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Diabetes Affects Work: Health Network Case Study

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destroyed homes in hurricane aftermath

 

By Claire Hutkins Seda, Writer, Migrant Clinicians Network, Managing Editor, Streamline

 

At the Ventanilla de Salud (VdS) in Austin, Texas, Health Network Associate Leslie Diaz, LMSW, provides health information and resources to those who come to the Mexican Consulate for legal or other documentation concerns. Diaz links visitors with local health resources, and coordinates local health events and trainings in topics like nutrition and exercise. When a visitor to the VdS is moving or planning to move and has an ongoing health condition, Diaz enrolls him or her in Health Network, MCN’s bridge case management system, to transfer records and help them get into care at their next destination. In August, Juan Delgado* came to Diaz interested in a recently implemented nutrition class series at the VdS. Delgado, a construction worker in his 30s, told Diaz that he was at the Consulate to renew his passport, when he overheard her presentation in the waiting area on VdS services and for the class. He explained that he hadn’t been feeling well in recent months, and was trying to eat more healthfully, but it hadn’t yet made an impact. He was interested in the nutrition class to see how he could improve his health. Diaz asked additional questions on his health concerns, and discovered that Delgado was occasionally missing work at the construction site because he was too lethargic to get out of bed on some mornings. Even on days when Delgado did go to work, he felt tired and worn out.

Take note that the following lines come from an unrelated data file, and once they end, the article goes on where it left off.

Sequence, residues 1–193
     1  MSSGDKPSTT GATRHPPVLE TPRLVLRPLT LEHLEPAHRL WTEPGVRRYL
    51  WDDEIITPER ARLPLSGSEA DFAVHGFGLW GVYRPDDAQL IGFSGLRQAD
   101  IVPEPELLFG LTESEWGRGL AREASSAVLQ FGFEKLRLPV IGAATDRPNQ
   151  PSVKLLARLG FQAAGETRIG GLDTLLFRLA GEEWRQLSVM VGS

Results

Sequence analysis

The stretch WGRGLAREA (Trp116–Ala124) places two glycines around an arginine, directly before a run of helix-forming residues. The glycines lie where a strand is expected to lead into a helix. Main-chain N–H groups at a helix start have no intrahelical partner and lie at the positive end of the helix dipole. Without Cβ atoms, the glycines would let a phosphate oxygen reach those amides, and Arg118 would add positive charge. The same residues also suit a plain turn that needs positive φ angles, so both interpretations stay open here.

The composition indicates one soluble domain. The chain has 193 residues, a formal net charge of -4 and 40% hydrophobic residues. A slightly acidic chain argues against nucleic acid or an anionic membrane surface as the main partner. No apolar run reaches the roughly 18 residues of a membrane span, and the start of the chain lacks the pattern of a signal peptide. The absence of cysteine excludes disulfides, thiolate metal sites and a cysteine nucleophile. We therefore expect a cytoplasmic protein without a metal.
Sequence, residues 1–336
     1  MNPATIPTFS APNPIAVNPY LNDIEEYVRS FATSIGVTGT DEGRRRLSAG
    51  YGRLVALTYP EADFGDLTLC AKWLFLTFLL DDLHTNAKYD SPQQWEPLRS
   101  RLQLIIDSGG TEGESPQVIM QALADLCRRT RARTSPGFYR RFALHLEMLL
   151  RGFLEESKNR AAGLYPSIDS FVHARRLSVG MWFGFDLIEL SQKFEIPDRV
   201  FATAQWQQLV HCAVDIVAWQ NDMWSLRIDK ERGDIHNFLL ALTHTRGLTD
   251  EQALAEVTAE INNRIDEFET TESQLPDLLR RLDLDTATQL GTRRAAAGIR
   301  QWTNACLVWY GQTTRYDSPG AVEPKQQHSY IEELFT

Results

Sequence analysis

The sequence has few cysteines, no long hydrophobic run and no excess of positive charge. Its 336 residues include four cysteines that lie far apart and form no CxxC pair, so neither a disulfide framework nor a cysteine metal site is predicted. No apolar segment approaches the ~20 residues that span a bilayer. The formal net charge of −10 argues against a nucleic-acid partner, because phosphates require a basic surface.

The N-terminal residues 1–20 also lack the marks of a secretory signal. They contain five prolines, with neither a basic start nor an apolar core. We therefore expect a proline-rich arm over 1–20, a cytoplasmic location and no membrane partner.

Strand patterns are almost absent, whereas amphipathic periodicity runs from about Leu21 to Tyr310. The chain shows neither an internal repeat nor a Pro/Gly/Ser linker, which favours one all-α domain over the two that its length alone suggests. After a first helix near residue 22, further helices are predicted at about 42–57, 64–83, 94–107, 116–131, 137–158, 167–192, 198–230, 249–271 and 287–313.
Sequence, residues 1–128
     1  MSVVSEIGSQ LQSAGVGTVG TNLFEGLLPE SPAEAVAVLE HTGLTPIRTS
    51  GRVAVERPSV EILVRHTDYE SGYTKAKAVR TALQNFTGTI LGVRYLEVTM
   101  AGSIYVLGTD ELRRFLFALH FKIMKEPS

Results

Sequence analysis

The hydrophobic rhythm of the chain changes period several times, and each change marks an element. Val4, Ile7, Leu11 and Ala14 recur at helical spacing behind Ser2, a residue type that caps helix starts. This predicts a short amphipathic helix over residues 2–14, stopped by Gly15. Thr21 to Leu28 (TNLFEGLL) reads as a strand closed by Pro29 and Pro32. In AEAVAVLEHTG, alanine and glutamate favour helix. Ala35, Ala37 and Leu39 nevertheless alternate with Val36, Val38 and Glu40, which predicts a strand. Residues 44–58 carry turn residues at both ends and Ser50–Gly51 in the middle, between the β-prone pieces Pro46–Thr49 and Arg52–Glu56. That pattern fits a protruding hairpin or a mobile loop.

Diaz recommended that he visit a health center to rule out common health concerns that may be responsible for his lethargy, including diabetes. She enrolled him in Health Network to track him as he traveled back to his hometown in another part of Texas, where she would find him an appointment and also look for nutrition classes for him. She found that the closest health center permitted walk-in appointments, and she quickly followed up with Delgado to encourage him to make time to go to the health center. Meanwhile, Diaz contacted her colleagues focused on nutrition education to find a group that offered classes in Delgado’s town.

Delgado went to the health center, and his clinician determined he had a hemoglobin A1C of 10. Although Delgado was hesitant to start medicine — he preferred a natural, non-medicated approach — he was prescribed medication that he began taking shortly thereafter. When Diaz called to follow up with Delgado, he told her that he was feeling better, and had consequently cut his medication back. Diaz explained the importance of maintaining consistency with his medication and encouraged him to stay at the prescribed dosage; Delgado recalled his doctor saying the same thing. He said he had a lot more energy and that he was no longer missing work. He also said that although the medication costs were large for him, at roughly $80 per month, he felt he could afford it. During a recent follow-up call, Diaz learned that Delgado has brought his A1c down to within a safe range. Delgado’s case demonstrates how Health Network’s case management reinforces important messages to empower patients to self-manage diabetes.

* Names, locations, and details have been altered to protect the patient’s identity.

 

Learn more by watching our recent archived
webinar, Diabetes and Environmental and
Occupational Health, at https://www.migrant
clinician.org/archived-webinars.html

MCN Streamline Fall 2018

 

Read this article in the Spring 2018 issue of Streamline here!

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